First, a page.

Bergreen explains Marco Polo's problem. "He had found his way into a confluence of civilizations several centuries advanced over Western Europe. How to explain them all to his skeptical audience? Making the future credible exceeded even Marco's patience and powers of persuasion."

Chinese astronomers employed a system where the equator was a circle around the globe since 2400 BC. It was not adopted by European astronomers until Tycho Brahe, the Dane adopted it in the 16th century. Urban planning was also farther advanced in China than in Western Europe. A town bell sounded beginning a nightly curfew. Mongol guards took "poor and crippled persons to shelters and hospitals." The capitol city, Cambulac was safer than Venice.

Women of Tibet were worth more as they had more sexual partners. When travelers passed through the men would bring their daughters out to offer them to the people passing through. Coal was used for heat in China for 1,000 years before it was similarly used in Europe. It was not used widely until the 18th Century in European countries. Women of Quinsai (now Hangzhou) were encouraged to have orgasms, while men were not; in order to preserve their "vital essence."  Kissing was prohibited in public. Homosexuality was discouraged, but lesbianism "was tolerated and even expected."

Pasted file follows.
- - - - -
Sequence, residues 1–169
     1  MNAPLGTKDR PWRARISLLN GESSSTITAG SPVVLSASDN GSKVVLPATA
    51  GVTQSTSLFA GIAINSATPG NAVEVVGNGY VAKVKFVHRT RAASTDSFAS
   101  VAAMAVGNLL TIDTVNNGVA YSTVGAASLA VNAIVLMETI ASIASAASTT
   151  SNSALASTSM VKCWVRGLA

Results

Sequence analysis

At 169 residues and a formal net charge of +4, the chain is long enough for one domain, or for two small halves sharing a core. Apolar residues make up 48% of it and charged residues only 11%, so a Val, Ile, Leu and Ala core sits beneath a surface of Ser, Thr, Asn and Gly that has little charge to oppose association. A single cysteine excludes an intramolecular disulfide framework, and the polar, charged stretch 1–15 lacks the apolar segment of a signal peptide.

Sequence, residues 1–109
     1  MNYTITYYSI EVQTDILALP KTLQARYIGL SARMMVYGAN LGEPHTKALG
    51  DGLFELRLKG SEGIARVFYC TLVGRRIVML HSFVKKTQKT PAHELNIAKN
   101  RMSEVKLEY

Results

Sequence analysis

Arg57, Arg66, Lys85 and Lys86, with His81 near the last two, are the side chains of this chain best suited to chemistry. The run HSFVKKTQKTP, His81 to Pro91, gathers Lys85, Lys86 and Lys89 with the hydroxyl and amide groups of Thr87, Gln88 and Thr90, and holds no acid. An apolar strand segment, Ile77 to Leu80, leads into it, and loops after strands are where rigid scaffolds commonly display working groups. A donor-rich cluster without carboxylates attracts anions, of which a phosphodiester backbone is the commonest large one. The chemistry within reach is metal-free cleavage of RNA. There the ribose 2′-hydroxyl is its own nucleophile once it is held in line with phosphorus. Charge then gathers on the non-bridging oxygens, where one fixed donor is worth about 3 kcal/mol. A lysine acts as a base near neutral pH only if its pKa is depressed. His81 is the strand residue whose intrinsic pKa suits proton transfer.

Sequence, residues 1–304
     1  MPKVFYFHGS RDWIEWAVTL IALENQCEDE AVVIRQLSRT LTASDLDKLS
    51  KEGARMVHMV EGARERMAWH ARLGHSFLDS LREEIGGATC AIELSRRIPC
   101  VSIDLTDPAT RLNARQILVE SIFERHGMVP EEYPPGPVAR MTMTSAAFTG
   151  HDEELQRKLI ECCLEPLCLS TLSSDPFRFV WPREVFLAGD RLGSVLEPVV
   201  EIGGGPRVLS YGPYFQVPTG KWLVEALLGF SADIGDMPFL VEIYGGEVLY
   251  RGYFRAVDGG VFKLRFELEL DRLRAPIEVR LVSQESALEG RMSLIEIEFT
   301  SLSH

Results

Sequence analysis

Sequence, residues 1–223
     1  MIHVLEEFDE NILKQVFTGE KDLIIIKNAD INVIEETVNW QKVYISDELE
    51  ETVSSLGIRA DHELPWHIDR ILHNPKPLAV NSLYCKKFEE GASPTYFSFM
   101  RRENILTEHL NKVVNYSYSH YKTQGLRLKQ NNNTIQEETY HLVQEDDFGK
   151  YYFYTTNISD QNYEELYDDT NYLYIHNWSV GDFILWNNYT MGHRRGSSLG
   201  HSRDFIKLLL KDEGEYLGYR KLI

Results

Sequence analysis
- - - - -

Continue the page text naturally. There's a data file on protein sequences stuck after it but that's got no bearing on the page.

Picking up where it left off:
In Quinsai tardy workers were beaten. Printed books and materials were plentiful "almost two hundred years before the the invention of moveable type in Europe." Kublai Khan wanted to rule the world. In his attempt to conquer Japan he found he was not suited to naval warfare. When a high ranking Muslim serving Kublai Khan was exposed as a traitor and thief, he was killed and all of his wealth and followers were seized. Khan purged all Muslims from his court.

Marco Polo Bridge